Leontius – 484-488 AD

Leontius

484-488AD

Syrian Usurper crowned by Aelia Verina


In 479AD, the Emperor Zeno’s mother-in-law, the meddlesome dowager Empress Aelia Verina, who was the widow of the former Emperor Leo I, began a quest of political intrigue against Zeno for the second time. Verina set about to convince her other son-in-law Marcian, son of the late Western Emperor Anthemius, to raise a revolt. It collapsed due to the quick reaction of Zeno’s Isaurian general Illus. Verina’s involvement in both the revolt and in an attempted assassination of Illus was quite plain. She was then given to Illus to be imprisoned in Dalisandus in Isauris.

In 484 AD, the political situation had changed. Illus was reported to be intriguing against the Emperor Zeno himself, and not only refused the Empress Ariadne’s (Zeno’s wife) request that her mother be released, but had the audacity (in Ariadne’s opinion) to avoid being assassinated by her agents (who seem to have been as incompetent as her mother’s had been five years earlier). Illus withdrew to his native Isauria, and Zeno then sent the patrician Leontius with orders to obtain Verina’s release.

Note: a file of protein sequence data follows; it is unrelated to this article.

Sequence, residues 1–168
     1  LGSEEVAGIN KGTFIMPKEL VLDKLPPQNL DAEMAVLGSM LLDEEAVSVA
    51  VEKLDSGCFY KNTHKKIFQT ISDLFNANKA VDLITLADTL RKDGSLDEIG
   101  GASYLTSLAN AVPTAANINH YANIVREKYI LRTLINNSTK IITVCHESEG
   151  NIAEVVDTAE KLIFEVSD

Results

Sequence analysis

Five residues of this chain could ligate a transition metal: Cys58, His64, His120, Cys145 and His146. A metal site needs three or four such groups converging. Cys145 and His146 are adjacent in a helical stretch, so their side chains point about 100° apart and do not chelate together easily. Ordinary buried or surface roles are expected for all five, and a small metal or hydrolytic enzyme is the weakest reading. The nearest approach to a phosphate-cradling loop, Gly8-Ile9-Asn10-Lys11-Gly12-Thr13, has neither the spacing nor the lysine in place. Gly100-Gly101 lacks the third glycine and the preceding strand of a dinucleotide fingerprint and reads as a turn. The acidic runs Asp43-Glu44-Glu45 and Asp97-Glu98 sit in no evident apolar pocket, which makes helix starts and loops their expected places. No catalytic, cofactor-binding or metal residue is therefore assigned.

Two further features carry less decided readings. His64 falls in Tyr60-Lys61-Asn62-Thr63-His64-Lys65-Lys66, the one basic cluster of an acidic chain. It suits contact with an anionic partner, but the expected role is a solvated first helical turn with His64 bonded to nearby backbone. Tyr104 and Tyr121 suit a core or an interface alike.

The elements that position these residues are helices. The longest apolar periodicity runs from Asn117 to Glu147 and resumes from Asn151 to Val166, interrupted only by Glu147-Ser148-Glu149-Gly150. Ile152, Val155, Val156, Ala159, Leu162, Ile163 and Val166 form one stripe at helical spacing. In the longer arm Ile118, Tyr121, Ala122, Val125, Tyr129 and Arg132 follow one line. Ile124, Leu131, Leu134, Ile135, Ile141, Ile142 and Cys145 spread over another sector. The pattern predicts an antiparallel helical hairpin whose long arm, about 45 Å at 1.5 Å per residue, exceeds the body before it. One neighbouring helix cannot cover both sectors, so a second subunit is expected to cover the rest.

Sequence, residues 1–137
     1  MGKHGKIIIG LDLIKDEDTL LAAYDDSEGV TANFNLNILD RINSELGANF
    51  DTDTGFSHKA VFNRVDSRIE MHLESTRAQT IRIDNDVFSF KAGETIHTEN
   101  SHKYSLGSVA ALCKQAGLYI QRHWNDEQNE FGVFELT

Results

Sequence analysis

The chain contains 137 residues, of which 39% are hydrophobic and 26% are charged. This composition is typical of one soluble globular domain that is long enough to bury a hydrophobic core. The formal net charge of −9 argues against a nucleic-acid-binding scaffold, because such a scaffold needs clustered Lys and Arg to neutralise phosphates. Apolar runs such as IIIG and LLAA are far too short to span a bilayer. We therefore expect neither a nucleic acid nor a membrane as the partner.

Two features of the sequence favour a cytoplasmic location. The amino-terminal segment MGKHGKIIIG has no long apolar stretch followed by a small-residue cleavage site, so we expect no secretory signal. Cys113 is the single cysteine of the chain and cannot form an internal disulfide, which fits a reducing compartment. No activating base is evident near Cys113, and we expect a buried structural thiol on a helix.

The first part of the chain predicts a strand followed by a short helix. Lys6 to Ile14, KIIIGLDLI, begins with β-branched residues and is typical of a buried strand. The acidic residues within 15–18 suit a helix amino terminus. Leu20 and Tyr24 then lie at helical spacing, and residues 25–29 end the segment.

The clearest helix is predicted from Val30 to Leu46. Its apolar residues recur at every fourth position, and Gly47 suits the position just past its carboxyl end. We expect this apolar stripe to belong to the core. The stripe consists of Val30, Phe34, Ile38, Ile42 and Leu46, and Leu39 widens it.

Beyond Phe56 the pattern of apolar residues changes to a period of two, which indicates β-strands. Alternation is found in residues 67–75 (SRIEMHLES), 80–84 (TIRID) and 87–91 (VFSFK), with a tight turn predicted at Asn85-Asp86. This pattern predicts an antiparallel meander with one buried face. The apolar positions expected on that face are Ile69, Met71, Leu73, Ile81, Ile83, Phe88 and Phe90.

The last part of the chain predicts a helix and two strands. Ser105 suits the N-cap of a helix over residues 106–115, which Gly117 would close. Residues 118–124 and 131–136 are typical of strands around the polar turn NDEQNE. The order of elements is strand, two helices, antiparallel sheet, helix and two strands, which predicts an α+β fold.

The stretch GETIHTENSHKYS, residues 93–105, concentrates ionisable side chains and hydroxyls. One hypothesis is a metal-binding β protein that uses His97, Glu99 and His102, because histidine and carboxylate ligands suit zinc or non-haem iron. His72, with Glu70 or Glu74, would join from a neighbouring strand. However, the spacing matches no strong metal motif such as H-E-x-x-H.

Upon the arrival of Leontius, the unexpected result happened. Leontius made peace with Verina and Illus, and after Illus brought Verina in full regalia to Tarsus, she crowned Leontius Emperor on the 19th of July, 484 AD. Verina attempted to convince the provincial forces to switch their loyalty to Leontius by stressing her legitimate right as Empress to crown an Emperor. But after a very short occupation of the city of Antioch in Syria, the rebels were defeated by Zeno.

In September, Leontius was heavily defeated in battle by Zeno’s legions under the command of John the Scythian. The survivors of the battle fled to the virtually impregnable fortress of Cherris in Isauria where Verina died later that year in 484 AD. Leontius and his remaining forces remained under siege by Zeno for four years when finally Cherris fell by treachery. Leontius and Illus were captured and subsequently beheaded in 488 AD.


Monetary System

Design:

Helmeted facing bust of Leontius with shield and spear

Obverse Legend:

DN LEONTIO PERP AVG

Note: There are only 4 known Solidus – 1 in private hands – 3 known in Museums (Paris, Copenhagen & Sofia)

Provenance:

Copenhagen – discovered in 1882 on island Bornholm in group 28 solidi
Sofia – discovered in Abrittus Hoard burried in 490AD in group 835 solidi
Private Illustrated here – discovered in the Levantine hoard of several hundred solidi


DENOMINATIONS

AU Solidus (4.38 grams)


Monetary History of the World
© Martin A. Armstrong